I recently moved our 6,700+ subscribers for Stitch People from MailChimp to ConvertKit, and I couldn’t be happier. Here are three reasons you should make the switch, too.
With ConvertKit, you can create multiple forms that all funnel into the same list. This means you can easily find all the subscribers that came from your blog sidebar signup form, or the ones that subscribed via the popup modal. You can also see conversion rates for each form. Here are 2 days worth of stats for two forms–one is a popup modal for StitchPeople.com, the other is an embedded form on the Stitch People homepage. Not surprisingly, the modal has a better conversion rate.
With MailChimp, you have one form per list. If you want to differentiate between users to sign up from different locations, you have to get creative–usually with hidden fields and tags. But even then, it doesn’t come close to giving you the kind of insight into form performance as ConvertKit does. For the first time, I finally have data and can more easily A/B test my signup forms.
Courses in ConvertKit are equivalent to Automations in MailChimp–it’s a sequence of emails dripped out to a subscriber over time. There are two things I love about the way ConvertKit handles Courses. First, it’s dead simple to view and edit the sequence, including clicking and dragging to rearrange emails. A new Course comes with a default series of emails, all in draft mode. When you’re ready to start sending one of the emails in the sequence, you change it to Published.
The second thing I love about Courses is how easy it is to add and remove individual subscribers. For example, say you want to give subscribers the option of moving to a course that sends emails less frequently. You include a link in the email that people can click to indicate their preference. Clicking this link removes the subscriber from the current course and adds them to a different course (via ConvertKit’s Automations feature–next section). Managing individual subscribers like this is a pain in MailChimp.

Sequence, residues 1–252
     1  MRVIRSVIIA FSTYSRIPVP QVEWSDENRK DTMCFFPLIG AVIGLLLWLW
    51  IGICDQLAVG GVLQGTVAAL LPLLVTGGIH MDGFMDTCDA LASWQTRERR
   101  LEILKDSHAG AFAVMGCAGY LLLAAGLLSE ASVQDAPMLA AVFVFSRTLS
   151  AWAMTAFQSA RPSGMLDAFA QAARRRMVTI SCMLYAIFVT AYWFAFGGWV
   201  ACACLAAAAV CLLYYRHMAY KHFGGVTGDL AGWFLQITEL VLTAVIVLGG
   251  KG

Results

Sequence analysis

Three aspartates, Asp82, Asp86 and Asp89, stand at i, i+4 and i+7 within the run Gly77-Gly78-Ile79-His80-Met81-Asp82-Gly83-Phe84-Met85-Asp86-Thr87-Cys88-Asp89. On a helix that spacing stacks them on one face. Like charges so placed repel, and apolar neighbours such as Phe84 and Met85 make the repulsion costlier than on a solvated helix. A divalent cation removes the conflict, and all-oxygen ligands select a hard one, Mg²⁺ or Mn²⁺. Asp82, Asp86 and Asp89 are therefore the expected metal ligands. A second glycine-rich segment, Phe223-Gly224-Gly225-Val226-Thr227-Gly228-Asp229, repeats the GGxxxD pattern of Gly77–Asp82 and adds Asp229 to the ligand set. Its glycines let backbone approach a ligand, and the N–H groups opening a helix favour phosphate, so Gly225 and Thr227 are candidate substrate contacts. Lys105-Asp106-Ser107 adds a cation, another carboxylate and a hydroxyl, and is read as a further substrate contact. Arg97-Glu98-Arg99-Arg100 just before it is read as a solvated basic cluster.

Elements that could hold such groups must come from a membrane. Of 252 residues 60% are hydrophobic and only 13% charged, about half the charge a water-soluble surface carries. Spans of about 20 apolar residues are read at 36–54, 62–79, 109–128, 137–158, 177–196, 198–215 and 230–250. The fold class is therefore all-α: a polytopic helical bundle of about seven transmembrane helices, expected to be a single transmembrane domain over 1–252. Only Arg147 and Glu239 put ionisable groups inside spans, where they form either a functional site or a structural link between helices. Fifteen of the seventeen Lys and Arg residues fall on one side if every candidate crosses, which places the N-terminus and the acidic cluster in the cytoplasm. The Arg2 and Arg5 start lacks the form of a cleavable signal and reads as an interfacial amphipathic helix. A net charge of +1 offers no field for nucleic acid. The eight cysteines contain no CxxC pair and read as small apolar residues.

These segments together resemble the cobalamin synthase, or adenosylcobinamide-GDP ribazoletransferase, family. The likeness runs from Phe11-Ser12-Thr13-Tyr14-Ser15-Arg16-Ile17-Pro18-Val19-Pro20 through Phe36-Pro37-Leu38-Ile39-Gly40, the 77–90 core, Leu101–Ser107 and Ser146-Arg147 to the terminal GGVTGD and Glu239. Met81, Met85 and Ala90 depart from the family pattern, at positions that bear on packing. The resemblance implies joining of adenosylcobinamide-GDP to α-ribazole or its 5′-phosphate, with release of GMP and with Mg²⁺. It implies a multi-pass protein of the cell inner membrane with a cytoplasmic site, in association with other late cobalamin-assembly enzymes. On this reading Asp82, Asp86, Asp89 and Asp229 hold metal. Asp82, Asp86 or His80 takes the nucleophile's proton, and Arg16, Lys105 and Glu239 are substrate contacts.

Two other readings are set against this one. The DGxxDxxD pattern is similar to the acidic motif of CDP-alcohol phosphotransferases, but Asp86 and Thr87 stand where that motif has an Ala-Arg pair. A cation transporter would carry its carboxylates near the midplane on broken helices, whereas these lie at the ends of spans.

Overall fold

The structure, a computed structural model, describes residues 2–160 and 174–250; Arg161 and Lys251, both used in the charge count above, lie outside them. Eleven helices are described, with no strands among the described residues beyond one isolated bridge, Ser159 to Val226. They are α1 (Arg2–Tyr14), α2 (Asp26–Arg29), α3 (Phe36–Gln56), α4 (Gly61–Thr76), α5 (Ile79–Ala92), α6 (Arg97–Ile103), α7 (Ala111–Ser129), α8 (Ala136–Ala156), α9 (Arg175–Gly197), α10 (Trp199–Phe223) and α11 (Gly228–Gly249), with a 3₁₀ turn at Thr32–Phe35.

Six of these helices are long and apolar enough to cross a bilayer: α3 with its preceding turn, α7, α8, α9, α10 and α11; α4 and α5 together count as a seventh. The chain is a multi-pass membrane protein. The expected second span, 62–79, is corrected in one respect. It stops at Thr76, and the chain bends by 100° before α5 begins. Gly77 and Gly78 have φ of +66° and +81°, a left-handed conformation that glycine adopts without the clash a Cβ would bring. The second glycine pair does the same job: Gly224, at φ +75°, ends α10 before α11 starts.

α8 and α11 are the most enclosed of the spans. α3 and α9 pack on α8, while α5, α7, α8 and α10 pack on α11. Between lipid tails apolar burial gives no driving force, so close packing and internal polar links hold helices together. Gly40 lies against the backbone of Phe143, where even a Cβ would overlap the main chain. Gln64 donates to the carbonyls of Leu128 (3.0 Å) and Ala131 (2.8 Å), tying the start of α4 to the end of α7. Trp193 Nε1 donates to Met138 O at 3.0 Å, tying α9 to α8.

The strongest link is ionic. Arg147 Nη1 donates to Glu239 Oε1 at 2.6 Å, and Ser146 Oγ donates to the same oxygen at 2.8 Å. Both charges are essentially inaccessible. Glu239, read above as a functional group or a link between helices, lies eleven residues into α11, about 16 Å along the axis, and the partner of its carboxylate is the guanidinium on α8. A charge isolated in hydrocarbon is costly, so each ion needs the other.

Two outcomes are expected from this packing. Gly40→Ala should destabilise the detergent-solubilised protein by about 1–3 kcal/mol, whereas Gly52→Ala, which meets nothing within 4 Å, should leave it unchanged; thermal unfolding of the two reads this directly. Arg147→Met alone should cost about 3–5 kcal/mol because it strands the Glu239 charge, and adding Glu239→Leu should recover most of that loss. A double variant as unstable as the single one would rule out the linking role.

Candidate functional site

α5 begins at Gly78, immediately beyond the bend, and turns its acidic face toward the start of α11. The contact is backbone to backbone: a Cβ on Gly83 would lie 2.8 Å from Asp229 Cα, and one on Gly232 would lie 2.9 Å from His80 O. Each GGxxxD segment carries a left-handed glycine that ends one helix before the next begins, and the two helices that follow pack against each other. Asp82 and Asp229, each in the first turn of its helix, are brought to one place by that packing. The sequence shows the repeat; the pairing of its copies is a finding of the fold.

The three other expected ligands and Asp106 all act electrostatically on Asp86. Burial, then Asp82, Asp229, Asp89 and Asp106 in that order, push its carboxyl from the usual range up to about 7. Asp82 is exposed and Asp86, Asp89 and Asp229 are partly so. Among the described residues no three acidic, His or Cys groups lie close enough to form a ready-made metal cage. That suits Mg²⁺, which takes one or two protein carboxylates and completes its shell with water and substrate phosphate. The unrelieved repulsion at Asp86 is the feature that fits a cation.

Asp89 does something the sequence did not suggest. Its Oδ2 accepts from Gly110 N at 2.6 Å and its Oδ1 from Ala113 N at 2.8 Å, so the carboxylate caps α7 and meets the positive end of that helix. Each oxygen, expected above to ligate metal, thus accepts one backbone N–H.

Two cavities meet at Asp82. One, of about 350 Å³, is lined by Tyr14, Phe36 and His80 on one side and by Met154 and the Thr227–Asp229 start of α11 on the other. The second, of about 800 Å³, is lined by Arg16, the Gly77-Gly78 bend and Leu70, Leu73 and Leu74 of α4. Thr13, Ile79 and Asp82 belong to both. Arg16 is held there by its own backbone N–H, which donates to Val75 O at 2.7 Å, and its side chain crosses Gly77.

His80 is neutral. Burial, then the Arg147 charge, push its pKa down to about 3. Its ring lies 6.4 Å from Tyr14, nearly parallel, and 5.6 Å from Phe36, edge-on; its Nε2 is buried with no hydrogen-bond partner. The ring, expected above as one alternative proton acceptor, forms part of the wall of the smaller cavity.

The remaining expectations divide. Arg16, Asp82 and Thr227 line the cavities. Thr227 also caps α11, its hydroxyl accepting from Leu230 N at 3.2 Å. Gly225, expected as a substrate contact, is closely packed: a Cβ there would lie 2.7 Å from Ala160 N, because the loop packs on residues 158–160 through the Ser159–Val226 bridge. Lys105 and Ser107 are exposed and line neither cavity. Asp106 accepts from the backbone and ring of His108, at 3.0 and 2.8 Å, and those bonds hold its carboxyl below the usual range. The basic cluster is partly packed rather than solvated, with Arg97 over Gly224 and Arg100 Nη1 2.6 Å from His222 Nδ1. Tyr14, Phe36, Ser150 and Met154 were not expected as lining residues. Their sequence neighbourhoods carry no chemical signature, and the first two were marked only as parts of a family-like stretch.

For me, the Automations are the best feature of ConvertKit–it’s what finally tipped the scale. Automations let you manage subscribers based on events. For example, you can automatically tag a subscriber if they click on a particular link in an email. And that tagging of a subscriber can also trigger automatic enrollment in a course, etc.
My favorite automation feature is being able to tag subscribers based on links they click. I recently used this in a broadcast email sent to all purchasers of the DIY Stitch People Book, asking if they’d be interested in joining the secret Facebook group we’ve created.
Less than 24 hours after sending out this broadcast to over 1,800 people, I had over 400 people tagged in ConvertKit as wanting to join the Facebook group. So I did an export of those subscribers and sent them each an email invitation through Facebook to join the group. This idea of making it easy to let subscribers indicate preference with a simple click is huge. I’m getting much better response rates using this method–better than anything I ever saw with MailChimp.
ConvertKit is obviously a very new product. It doesn’t have all the bells and whistles that MailChimp has. But the more I’ve been using ConvertKit, the more I’ve realized that I don’t actually care about those extra bells and whistles. ConvertKit works, and it works well. The interface is clean, easy to navigate, and makes it extremely easy to get work done. ConvertKit is definitely on the right track, and if this is what the early version of the product looks like, I can’t wait to see how it evolves.
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